When the World Trade Center and the Pentagon were attacked a year ago, the nation's artists mourned alongside every other American.
But once the shock and emotional paralysis lifted, they picked up their paintbrushes, guitars and movie cameras to document some aspect of the experience or its aftermath.
Within a month of the terrorist attacks, Lawrence artists Roger Shimomura and Janet Davidson-Hues were among the Americans tapped by the Antone Gallery in Washington, D.C., to participate in an exhibit on how artists responded to the tragedy.
Shimomura's work, an acyrlic painting titled "Not Pearl Harbor!," addresses the reactions of Americans to Arab-Americans, Middle Eastern-Americans and members of the Islamic faith after the attacks.
"In the case of this painting, there's a single figure with an airplane crashing in the background. It's the World War II Japanese turned into a Taliban, with a Japanese zero crashing," he said.
Comparisons of Sept. 11 to the attack on Pearl Harbor made many Japanese Americans nervous because it reminded them of the internment of their families and friends during World War II. Shimomura and his family spent time at Camp Minidoka, an internment camp in Idaho. His paintings, prints and theater works address sociopolitical issues of Asian-Americans and are often inspired by 56 years of diaries kept by his immigrant grandmother.
"The comparison to Pearl Harbor is what hit home. It was like rerunning an old movie," he said, recalling how his family was driving in their car on Dec. 7, 1941, in Seattle when the news of the attack on Pearl Harbor came over their radio. "My family knew what it meant. We made a U-turn and knew we had to get home and out of visibility. So I immediately thought of this story and thought of those of Arab or Middle Eastern extraction in this country. It's part of the story of that day."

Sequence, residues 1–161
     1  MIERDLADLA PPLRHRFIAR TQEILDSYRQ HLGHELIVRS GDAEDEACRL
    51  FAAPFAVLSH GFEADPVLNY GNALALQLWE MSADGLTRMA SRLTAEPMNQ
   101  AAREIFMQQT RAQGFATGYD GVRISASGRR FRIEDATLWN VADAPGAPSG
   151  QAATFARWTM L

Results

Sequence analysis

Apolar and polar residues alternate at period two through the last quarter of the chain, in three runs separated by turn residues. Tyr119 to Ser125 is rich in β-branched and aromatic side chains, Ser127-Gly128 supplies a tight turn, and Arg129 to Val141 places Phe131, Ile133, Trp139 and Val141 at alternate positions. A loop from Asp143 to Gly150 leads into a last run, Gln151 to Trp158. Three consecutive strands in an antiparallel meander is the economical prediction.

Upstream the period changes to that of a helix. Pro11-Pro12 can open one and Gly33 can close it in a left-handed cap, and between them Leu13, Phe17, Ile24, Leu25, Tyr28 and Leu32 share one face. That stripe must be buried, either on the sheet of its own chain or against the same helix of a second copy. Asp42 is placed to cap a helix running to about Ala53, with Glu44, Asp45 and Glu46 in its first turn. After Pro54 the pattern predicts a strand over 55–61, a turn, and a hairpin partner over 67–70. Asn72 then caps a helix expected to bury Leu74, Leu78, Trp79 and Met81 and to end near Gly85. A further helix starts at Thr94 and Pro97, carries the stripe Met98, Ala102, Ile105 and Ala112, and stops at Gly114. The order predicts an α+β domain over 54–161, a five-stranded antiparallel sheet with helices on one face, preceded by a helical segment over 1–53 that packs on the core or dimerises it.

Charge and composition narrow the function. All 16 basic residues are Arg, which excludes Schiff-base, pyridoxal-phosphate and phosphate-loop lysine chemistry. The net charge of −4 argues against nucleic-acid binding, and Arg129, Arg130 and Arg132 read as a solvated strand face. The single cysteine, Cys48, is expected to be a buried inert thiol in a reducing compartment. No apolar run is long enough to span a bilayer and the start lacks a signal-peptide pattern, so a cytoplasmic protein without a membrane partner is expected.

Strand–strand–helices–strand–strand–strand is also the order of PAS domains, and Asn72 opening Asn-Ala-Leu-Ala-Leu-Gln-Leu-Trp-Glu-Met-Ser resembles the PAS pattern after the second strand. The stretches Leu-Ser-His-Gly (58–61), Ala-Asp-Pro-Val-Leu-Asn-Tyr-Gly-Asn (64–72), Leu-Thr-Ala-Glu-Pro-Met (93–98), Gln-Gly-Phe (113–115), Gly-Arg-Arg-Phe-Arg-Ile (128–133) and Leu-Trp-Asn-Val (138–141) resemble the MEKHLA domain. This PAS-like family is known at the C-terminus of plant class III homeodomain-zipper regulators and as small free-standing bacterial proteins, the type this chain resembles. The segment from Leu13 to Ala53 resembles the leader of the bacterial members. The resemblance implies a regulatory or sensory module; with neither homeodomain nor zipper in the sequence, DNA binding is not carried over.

Davidson-Hues created her work, a mixed media titled "Journal 2001," a few days after the terrorist attacks in an attempt to deal with her emotions. She and her husband, both art professors at Kansas University, have an apartment near Union Square in New York City, and she was scheduled to board a flight to New York at noon Sept. 11.
To create her piece, she ripped the pages from a book, burned its spine and set it against a stark, empty background. The words "Oh, My God!" and "God Bless America" two phrases often heard in the hours after the World Trade Center attacks sandwich the book spine.
"Doing the piece was cathartic," she said. "I was profoundly affected by what happened. It was so unreal and so unacceptable that my brain didn't want to admit what I was seeing (on the television)."
After showing in Washington, the exhibit traveled to Philadelphia.
"Someone bought my painting," Shimomura said, "and I donated the profits to pay for the shipping expenses for everyone in the exhibition."